Integrating Traditional and Western Knowledge Funding Announcement

May 6, 2014

New research on the most effective ways to integrate Indigenous and Western knowledge for water management in Canada 

Research will equip decision-makers with the knowledge to effectively and respectfully approach the management of Canada's shared water resources

WATERLOO, ON, MAY 6, 2014 - Unsafe drinking water and improperly functioning wastewater and stormwater systems, combined with threats such as droughts and floods, disproportionately burden Indigenous communities in Canada. There is a growing recognition that solutions rely on better integration of Indigenous and Western knowledge. Canadian Water Network (CWN), one of Canada's federally-supported Networks of Centres of Excellence, is investing almost $200,000 to determine which research approaches are best at ensuring that management of our shared water resources honours and benefits from an increased focus on the integration of Indigenous and Western knowledge.    

"Since 2001, CWN has invested over $3.5 million in research and initiatives addressing water management challenges in First Nation, Inuit, and Métis communities," says Simon Courtenay, Scientific Director of Canadian Water Network. "We are building on our past successes and continue to invest in the importance of Indigenous knowledge as a valued way of more deeply understanding the situation and solutions." 

The one-year project, "Indigenous and Western Knowledge: Integrating Both for Effective Water Management in Canada," led by Dr. Heather Castleden from Queen's University, is multi-disciplinary in nature, drawing on the expertise of 4 universities and 17 partners, including First Nations, Métis and Inuit organizations, government and non-governmental organizations. The project will also be guided by a National Advisory Committee of Indigenous and non-Indigenous water experts.

"We are equipping future decision-makers with the tools to execute more effective water management initiatives that integrate Indigenous and Western knowledge and methods, recognizing their complementary strengths" says Bernadette Conant, Executive Director of Canadian Water Network. "The project will inform future research approaches that will advance integrated water research policy and governance in Canada."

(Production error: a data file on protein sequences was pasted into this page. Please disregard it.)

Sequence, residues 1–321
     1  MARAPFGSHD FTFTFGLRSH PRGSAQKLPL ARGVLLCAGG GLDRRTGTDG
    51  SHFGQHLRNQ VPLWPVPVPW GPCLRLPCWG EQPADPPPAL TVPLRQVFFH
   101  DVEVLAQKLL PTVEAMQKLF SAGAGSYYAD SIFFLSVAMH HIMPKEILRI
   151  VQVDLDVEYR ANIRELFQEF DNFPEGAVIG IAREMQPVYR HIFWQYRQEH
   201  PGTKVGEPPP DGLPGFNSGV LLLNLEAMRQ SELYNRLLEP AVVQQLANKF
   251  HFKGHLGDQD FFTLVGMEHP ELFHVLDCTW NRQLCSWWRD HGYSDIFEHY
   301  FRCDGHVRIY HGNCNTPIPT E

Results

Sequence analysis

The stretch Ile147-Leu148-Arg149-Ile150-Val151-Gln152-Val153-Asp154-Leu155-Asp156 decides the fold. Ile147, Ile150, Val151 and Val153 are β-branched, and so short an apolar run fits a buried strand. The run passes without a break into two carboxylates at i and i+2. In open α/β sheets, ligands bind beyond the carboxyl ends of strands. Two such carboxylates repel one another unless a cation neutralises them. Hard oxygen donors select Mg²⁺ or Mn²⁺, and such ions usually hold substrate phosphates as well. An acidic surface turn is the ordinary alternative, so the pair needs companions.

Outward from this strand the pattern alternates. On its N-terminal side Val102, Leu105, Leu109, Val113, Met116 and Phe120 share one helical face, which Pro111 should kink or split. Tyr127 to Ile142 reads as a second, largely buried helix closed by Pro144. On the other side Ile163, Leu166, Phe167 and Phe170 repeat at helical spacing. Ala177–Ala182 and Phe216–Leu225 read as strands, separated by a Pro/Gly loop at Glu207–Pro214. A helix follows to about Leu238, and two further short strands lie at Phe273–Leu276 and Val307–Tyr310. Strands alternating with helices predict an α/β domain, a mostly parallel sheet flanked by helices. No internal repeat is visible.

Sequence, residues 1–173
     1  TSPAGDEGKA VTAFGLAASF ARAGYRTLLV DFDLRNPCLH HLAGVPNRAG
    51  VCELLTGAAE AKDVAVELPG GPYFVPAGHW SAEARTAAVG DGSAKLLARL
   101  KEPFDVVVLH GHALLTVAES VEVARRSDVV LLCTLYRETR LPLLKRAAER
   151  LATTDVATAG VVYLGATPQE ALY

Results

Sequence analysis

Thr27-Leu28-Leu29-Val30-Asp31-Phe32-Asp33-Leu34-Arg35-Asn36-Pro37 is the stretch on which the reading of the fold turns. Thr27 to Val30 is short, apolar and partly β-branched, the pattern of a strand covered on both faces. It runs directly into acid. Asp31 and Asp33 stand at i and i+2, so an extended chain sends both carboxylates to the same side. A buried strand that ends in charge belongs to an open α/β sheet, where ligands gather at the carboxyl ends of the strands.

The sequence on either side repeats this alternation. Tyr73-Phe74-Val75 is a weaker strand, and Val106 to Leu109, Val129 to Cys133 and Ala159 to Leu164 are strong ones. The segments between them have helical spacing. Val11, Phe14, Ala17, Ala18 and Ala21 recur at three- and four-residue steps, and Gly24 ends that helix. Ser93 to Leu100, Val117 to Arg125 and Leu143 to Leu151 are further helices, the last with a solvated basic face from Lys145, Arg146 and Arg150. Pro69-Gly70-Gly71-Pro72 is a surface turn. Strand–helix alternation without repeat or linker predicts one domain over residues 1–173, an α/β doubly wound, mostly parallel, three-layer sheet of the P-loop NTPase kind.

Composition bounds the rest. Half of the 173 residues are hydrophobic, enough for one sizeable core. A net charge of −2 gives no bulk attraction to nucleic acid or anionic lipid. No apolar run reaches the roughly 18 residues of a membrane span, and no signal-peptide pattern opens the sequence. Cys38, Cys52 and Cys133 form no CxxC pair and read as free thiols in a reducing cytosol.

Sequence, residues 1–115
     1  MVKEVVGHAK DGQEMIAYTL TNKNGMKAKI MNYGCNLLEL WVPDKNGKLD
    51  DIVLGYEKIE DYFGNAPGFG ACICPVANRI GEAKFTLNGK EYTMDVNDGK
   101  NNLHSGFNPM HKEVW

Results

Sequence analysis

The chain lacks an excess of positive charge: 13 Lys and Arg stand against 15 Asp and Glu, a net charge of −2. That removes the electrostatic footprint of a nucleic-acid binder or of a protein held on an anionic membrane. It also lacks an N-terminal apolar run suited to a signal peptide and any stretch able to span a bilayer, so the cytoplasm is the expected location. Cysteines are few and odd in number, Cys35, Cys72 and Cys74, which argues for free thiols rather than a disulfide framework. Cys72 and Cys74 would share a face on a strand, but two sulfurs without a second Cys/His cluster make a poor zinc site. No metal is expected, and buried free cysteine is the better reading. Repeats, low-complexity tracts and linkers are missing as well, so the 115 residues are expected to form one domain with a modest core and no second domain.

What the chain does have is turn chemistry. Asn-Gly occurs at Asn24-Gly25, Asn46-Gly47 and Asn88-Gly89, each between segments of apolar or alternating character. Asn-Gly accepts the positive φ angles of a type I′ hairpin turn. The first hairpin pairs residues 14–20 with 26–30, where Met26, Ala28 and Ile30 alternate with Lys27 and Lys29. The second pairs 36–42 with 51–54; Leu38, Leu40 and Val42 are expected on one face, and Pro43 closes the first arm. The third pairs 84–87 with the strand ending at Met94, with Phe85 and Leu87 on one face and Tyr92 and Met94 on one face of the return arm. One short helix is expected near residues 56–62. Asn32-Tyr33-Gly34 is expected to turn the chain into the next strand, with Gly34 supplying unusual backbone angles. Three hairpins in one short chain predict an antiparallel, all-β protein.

The team will assess the approaches that have been applied to integrating traditional knowledge effectively in research programs.  It will generate assessment frameworks in collaboration with First Nations, Inuit, and Métis knowledge-holders to systematically identify and assess these studies, uncovering the relative merits, strengths, challenges and opportunities.  The team will also facilitate a national Water Gathering, bringing together Indigenous and non-Indigenous peoples from across the country to discuss the results and engage in dialogue about strategies and approaches for effectively moving forward water resource management and practice in First Nations, Inuit, and Métis communities, and beyond.


About Canadian Water Network (CWN) Headquartered at the University of Waterloo in Waterloo, Ontario, Canadian Water Network ( was created in 2001 by the Networks of Centres of Excellence Program to connect international water researchers with decision-makers engaged in priority water management issues. Canadian Water Network works to harness the expertise of researchers to improve the ability of practitioners and implementers to respond to water challenges.

For more information or to arrange an interview, please contact:

Kathryn Ross
Media and Public Relations Coordinator
Canadian Water Network
519-888-4567, ext. 37709